“If somebody had told me back then that today AIDS would be a treatable disease and food allergies would not, I don’t think I would have believed them.” — James Baker Jr.
“You are constantly thinking about it. Holidays, birthdays, and field trips are fun for other people. For us, it is always a concern,” says Mary, whose fundraising efforts and advocacy have raised a further $20 million in donations for the center, beyond her family’s gift.
Mary hopes the center will improve diagnoses and become a global resource for public information. She also hopes it will attract leaders in the field. “Until we start funding this, the needle is never going to move,” she says. “The more brilliant minds working on it, the better off the whole food allergic community will be.”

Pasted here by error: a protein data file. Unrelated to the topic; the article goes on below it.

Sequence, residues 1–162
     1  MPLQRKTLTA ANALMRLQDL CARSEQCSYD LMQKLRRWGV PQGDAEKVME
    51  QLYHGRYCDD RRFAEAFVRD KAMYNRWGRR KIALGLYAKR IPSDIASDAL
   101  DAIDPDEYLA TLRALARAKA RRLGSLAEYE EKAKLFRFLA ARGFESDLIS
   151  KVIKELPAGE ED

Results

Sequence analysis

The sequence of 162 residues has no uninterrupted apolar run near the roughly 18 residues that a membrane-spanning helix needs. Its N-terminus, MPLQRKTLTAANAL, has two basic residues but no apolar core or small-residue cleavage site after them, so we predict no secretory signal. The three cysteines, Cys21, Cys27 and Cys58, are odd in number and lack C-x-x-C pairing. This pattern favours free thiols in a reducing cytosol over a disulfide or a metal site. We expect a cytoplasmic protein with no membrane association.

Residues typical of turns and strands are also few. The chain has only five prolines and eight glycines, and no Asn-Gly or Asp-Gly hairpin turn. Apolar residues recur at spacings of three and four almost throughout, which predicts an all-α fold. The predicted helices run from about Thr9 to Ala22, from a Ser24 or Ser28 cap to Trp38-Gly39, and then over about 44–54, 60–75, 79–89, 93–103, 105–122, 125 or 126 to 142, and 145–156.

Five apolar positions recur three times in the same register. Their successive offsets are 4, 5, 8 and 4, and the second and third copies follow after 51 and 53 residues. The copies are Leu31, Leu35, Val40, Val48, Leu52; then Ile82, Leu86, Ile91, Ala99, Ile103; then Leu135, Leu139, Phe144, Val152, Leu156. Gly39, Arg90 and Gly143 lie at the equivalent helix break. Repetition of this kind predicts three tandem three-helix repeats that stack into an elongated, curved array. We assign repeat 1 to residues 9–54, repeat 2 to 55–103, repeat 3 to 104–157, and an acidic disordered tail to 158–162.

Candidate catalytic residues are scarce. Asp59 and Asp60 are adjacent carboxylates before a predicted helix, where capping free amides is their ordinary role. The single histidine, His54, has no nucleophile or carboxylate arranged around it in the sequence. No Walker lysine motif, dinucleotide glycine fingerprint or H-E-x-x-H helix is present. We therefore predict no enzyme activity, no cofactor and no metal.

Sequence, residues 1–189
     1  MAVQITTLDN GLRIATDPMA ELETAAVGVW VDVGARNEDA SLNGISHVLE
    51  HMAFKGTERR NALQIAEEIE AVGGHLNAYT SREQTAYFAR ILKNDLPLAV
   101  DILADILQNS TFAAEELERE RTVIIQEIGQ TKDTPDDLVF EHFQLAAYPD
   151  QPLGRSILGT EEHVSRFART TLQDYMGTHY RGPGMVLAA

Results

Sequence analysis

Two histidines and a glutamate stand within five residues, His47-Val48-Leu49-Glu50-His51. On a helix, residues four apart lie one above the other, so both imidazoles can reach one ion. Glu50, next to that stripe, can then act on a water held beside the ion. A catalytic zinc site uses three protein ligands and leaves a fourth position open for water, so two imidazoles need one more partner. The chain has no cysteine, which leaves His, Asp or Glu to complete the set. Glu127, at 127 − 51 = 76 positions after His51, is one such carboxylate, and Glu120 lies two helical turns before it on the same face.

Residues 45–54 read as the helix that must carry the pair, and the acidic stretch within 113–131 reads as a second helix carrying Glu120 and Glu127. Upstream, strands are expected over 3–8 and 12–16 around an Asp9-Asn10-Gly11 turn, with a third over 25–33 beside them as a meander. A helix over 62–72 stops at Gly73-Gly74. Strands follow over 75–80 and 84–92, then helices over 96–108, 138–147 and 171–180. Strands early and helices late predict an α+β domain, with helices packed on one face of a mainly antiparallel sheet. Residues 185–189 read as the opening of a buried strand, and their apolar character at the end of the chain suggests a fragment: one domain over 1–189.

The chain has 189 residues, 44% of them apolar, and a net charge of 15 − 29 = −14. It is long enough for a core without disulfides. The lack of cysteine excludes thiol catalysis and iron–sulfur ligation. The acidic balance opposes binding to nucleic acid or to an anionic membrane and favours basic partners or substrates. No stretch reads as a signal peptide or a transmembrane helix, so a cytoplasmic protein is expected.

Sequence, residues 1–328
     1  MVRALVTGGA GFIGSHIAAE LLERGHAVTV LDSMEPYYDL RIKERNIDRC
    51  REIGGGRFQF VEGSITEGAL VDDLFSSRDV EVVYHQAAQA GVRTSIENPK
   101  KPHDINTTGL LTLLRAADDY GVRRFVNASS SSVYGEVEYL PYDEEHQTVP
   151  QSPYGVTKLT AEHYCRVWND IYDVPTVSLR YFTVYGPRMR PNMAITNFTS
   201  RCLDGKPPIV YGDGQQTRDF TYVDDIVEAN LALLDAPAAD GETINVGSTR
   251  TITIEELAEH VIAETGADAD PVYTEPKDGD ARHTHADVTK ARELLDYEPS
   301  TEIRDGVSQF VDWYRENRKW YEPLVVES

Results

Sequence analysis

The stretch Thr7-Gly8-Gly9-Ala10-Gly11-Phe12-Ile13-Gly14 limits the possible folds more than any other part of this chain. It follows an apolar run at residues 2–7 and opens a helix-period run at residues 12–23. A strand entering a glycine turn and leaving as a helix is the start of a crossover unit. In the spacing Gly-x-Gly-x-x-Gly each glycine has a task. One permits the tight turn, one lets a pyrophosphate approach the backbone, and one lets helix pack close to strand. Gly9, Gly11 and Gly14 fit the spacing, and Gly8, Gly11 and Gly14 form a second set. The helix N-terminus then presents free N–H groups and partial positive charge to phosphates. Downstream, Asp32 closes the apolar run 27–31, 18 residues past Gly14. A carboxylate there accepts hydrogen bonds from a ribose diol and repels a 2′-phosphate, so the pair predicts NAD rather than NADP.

One of the most difficult aspects of James Baker Jr.’s job is writing condolence notes to the families of children who have died from food allergies. Baker, the founding director of the center and CEO of the nonprofit organization Food Allergy Research & Education (FARE), uses an old-fashioned fountain pen and Crane stationery. He writes them, “Every day, we’re hoping to try and keep this from happening.”
Baker knows all too well what it is like to lose patients. As the immunology director of the Walter Reed National Military Medical Center in the AIDS unit in the 1980s, he watched helplessly as the patients there died without any effective treatment. “If somebody had told me back then that today AIDS would be a treatable disease and food allergies would not, I don’t think I would have believed them,” he says.